22 countries have joined the call for a pause on Deep-Sea Mining, some of them did it publicly on this Friday afternoon in Jamaica. The precautionary approach and the knowledge gap about Seabed biodiversity, as well as synergetic effects, are the very basis of this call. While some delegations wish to grant provisory exploitation contracts, this position appears to be a minority. Most interventions are calling for going on with the work on robust and solid Rules and Regulations Procedures (RRP) to operationalize the Convention through finalizing the regulations. NGO’s interventions stress the necessity for the Council to handle the decision and not authorize the LTC to make a recommendation about one exploitation plan of work. These positions were based on the very same grounds as the moratorium, which are the necessity for more scientific knowledge and the crucial dimension of environmental protection. Those debates are going to be quite intense next week.
DAY 4 — 13th July
This morning, a very interesting debate that began yesterday about environmental issues. Many delegations made a plea to integrate an explicit reference to “synergistic effects” in the ISA regulations. Indeed, synergistic effects are not reduced to the sum of individual effects, but point to processes that overwhelm the original sum of effects. These effects are, for example, well-documented by climate sciences, as climate feedback loops. Some delegations are more skeptical about the integration of “synergistic effects”. Some NGO’s interventions were made to clarify the distinction between synergestic effects and cumulative effects, the latter being the sum of individual effects. One NGO delegation reminds the importance to consider the knowledge gap, and the tension which rises between this gap and the prospect to exploit seabed minerals. Some delegations supported this statement, particularly one defending that “non-exploitation” should be the norm and not the exception.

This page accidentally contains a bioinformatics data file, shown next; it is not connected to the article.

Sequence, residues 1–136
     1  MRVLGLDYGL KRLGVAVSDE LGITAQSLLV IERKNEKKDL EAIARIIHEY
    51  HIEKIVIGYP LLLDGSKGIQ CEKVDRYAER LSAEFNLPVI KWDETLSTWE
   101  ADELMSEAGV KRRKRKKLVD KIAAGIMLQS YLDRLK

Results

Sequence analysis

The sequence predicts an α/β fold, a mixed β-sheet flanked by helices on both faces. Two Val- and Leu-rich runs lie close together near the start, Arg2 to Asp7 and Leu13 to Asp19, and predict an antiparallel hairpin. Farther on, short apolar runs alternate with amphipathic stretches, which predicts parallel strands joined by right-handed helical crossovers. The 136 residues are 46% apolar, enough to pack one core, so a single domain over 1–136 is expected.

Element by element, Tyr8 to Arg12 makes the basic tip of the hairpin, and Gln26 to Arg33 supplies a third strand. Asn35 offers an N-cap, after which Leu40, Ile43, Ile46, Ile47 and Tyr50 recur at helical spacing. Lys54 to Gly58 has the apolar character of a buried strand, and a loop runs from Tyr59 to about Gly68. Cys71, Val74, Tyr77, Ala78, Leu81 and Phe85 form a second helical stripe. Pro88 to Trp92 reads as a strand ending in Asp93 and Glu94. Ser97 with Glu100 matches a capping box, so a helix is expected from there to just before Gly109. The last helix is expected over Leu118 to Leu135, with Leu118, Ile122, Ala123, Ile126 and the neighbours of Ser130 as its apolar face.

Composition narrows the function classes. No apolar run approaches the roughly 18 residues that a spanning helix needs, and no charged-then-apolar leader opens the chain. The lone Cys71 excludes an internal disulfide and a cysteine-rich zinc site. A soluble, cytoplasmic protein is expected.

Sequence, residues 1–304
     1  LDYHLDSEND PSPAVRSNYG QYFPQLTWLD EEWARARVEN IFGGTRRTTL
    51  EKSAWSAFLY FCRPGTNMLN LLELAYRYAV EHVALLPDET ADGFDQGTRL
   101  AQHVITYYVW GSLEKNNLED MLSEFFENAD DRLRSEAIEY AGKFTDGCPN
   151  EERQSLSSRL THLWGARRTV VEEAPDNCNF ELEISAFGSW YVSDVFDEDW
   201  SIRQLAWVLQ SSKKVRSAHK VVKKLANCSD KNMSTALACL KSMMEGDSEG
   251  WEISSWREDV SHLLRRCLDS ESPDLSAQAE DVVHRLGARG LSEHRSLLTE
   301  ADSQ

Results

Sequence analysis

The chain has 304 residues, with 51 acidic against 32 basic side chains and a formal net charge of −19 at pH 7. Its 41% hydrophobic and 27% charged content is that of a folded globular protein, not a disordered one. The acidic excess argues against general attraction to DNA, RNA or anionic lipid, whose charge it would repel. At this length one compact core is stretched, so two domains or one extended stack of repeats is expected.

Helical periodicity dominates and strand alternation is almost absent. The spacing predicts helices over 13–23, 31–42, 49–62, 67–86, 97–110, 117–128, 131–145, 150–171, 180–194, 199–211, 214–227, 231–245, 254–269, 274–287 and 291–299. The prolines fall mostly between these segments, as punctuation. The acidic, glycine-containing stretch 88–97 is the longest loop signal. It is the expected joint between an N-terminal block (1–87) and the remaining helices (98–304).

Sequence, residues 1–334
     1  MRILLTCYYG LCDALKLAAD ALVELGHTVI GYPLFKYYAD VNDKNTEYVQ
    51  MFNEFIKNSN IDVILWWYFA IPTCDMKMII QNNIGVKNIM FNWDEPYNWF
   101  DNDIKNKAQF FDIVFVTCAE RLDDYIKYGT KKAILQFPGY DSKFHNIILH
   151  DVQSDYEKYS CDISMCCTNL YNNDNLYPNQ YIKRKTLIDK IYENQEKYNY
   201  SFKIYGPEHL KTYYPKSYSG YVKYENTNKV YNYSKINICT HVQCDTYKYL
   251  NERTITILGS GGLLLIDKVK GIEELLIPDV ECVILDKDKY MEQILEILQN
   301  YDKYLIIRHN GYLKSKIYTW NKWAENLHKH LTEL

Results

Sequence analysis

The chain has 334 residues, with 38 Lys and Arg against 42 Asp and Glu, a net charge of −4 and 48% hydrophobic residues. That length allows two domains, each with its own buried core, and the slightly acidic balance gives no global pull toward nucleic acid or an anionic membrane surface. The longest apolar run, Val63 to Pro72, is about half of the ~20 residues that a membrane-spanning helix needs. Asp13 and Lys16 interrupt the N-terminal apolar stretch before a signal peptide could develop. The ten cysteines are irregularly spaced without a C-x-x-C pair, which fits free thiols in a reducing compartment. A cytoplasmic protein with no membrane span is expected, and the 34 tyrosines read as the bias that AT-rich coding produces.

DAY 3 — 12th July
Environmental Matters – The BBNJ agreement makes quite an irruption this morning in ISA negotiations. Some delegations defend an explicit reference to this agreement, arguing the ISA regulations might enter into force suite simultaneously as the BBNJ agreement, while others find it “hasty” to mention the agreement before even knowing which countries decide to sign. The debate about referring to BBNJ crystallizes in the precautionary approach vs. precautionary principle discussion. As this discussion already took place in New-York negotiations, BBNJ mentions in its “general principles and approaches” (Art. 7), “the precautionary principle or precautionary approach, as appropriate”. Some delegations consider this formulation as a clear proof consensus was already missing on the matter, while others argue the “precautionary principle” inclusion in BBNJ provides a legal basis and political argument for its inclusion in ISA regulations.
DAY 2 of the Council — 11th July
International Seabed’s Authority negotiations are on. Diplomats have just started negotiating and the menu is vast and rich. Discussions started the day after the end of “2-year rule”, allowing contractors to submit applications for exploitation.
According to the Secretariat, the goal is still to achieve a Mining Code enabling the extraction of seabed minerals in July. However, no attendees seem to share the Secretariat’s hopes.
The discussions on the financial terms of the contracts have even led to an optimistic announcement: some hoped to see the draft process completed by the end of the year although assuming this might nothing but a “dream”.
The fact is that discussions of financial incentives for deep-sea mining, financial payment system options or even how to weigh the minerals still lack consensus.
The complexity of the process was well resumed as five different groups are actually working in parallel and, according to a chairperson: “it’s impossible for any of us, I think, to have a full overview of how this will look when we put the different drafts together”.
Still, a lot remains on the negotiations’ shopping list: tackling environmental uncertainties, agree on equity mechanisms, debate on how to better govern the deep oceans…’
About the authors
Pires da Cruz